Compass – Ummagma (reviewed by Dave Franklin)

The remarkable thing about Ummagma is their ability to wander diverse musical pathways, soaking up influences and juggling so many disparate and different sounds yet bring it all together in music that sounds cohesive, natural and …well, Ummagma-esque. There is nothing wrong with bands having a singular vision, to want to fit neatly into a generic type, but Compass is the sound of a band doing the exact opposite, a band allowing themselves to jump creative divides, to kick down musical barriers, to not only rip up the rule book but more probably to just ignore the fact that there ever was one in the first place.

But then everything about Ummagma is wonderfully unusual. Shauna McLarnon hails from Canada, Alexander Kretov from Ukraine and the album was made against a backdrop of “five years, three moves, two countries and hauling a studio across the Atlantic to set up everything all over again.” And with such transient surroundings taking place in the real world, how could their sonic world reflect anything other than the same fluidity and movement? They say that you can also tell a lot about someone by the company that they keep, the same is true for a band and past collaborations and remixes with the likes of Cocteau Twin’s Robin Guthrie and Curve’s Dean Garcia to name but two speaks volumes.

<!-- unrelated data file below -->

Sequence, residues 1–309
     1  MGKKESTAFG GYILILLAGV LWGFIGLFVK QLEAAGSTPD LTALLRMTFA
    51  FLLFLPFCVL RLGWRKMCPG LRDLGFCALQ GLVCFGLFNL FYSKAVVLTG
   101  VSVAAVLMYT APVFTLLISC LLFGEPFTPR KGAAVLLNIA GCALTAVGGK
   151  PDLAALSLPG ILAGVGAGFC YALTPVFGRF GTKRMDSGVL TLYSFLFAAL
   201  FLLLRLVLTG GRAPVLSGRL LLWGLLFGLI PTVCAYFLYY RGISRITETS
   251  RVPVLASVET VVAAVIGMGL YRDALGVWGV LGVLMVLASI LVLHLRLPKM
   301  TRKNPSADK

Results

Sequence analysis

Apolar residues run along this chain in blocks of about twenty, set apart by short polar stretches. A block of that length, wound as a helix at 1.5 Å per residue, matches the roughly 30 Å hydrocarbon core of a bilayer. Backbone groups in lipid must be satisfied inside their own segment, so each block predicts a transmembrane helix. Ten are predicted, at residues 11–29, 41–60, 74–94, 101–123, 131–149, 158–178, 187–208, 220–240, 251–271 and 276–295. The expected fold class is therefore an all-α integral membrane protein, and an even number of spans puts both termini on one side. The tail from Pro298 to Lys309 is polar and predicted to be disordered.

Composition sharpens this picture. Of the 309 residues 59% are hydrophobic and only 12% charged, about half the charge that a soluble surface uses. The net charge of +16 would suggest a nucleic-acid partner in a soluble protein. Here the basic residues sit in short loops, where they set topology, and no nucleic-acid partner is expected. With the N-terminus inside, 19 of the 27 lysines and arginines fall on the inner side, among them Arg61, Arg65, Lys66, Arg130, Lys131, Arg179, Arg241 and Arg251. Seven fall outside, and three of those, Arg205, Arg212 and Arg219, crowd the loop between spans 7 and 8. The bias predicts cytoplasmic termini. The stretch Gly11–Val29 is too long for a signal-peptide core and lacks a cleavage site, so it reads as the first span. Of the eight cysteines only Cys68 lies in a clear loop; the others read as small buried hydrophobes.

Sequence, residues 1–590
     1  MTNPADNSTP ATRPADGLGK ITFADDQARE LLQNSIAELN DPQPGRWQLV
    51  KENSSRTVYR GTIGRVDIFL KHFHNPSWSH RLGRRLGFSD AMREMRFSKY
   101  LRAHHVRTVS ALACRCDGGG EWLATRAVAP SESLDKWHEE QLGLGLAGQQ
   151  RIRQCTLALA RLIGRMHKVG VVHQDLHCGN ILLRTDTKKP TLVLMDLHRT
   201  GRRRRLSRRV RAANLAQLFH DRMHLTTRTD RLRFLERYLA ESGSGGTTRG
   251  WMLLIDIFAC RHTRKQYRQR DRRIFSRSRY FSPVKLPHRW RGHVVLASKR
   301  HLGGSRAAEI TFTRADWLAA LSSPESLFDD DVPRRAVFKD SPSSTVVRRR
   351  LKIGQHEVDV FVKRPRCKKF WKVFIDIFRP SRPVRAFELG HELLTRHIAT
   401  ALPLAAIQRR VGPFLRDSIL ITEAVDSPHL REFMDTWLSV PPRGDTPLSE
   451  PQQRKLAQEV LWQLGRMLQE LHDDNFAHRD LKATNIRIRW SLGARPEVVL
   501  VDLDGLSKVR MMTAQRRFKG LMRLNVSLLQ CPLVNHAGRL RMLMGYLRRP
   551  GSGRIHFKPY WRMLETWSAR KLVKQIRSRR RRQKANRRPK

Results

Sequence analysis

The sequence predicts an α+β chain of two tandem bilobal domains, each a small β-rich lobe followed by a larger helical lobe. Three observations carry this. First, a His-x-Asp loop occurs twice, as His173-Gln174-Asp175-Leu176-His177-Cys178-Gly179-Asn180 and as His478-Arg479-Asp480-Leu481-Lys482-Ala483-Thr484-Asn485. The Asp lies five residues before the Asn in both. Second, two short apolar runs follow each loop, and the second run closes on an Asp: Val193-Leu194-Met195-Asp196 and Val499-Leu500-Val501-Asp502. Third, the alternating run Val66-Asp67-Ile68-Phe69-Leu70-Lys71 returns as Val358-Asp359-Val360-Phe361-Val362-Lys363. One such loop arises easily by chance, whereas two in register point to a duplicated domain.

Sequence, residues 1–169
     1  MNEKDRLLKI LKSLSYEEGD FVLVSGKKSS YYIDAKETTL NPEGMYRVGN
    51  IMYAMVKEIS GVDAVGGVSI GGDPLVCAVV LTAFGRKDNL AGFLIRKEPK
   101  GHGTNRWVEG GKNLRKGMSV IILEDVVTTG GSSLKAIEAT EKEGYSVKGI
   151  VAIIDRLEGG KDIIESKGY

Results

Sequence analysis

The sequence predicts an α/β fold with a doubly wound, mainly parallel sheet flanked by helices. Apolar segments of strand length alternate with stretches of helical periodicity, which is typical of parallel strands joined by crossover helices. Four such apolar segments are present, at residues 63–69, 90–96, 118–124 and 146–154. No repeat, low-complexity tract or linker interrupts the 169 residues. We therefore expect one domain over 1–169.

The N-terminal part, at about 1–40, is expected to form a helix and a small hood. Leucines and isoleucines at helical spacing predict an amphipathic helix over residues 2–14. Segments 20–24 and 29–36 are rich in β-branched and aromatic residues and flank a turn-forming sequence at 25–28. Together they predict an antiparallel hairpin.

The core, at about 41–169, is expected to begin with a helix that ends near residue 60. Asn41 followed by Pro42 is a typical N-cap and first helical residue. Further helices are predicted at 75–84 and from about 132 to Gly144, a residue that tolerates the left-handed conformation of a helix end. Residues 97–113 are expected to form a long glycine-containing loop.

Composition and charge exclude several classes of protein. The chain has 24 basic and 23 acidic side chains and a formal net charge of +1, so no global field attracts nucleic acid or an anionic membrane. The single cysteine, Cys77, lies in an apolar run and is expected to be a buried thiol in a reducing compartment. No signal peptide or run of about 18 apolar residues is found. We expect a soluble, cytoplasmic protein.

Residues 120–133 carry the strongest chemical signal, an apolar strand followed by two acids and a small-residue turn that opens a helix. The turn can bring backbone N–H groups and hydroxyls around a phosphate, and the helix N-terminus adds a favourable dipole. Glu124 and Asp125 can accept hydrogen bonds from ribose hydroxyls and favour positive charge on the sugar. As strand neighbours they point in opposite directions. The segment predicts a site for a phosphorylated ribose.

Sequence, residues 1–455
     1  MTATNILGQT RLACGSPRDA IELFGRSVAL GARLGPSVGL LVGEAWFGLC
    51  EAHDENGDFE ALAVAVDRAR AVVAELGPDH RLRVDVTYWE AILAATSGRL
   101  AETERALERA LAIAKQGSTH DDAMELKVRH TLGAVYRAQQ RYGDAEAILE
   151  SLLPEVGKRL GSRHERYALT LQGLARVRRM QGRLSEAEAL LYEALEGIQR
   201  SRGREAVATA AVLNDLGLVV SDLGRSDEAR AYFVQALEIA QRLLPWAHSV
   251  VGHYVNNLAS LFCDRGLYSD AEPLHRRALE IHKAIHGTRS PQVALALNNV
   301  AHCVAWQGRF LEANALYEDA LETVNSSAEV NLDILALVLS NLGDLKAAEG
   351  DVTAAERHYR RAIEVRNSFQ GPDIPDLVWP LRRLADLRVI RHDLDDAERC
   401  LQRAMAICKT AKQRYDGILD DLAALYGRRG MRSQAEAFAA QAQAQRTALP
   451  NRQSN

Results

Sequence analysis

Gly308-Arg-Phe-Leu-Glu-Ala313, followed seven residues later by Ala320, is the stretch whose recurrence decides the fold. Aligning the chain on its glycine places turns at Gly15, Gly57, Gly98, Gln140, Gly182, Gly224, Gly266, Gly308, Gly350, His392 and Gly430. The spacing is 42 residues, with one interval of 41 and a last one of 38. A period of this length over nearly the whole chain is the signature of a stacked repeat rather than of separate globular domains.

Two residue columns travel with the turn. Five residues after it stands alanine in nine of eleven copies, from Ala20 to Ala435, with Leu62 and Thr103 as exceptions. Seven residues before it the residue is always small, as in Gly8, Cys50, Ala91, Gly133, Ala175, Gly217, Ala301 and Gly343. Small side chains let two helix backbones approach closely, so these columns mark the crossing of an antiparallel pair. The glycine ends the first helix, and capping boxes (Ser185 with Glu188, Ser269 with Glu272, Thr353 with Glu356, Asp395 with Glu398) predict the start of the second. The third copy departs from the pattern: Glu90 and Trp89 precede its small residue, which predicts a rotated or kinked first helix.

And whilst that might suggest a backward, post-punk glancing attitude towards making music, nothing could be further from the truth. This is a wonderful forward thinking collection of songs, unburdened neither by fad nor fashion, time or place. And for every shimmering dreamscape they create they balance it with more robust and driven grooves, often within the same song. Otherwise being the perfect example, a drifting, woozy platform through which they thread reggae infusions and delicate and distant Spanish guitars into something both sultry and solid yet ethereal and chameleon-like. Galicticon hints at Vangelis-inspired soundtracks, LCD is a strident rock urge, warped and woven with strange musical motifs and gorgeous glitches and Bouquet is an otherworldly slice of balladry.

Like all good music, defining what Compass actually is, is not only impossible but pointless. If you try to describe it even the best appraisal can only begin to capture its wonderfully beguiling post-genre nature. It is an album of grace and change, of familiarity and exploration, of emotion and euphoria, of sky scraping cinematic highs and intimate and intriguing lows. And if that sounds appealing to you, then that is only a fraction of what you can expect.

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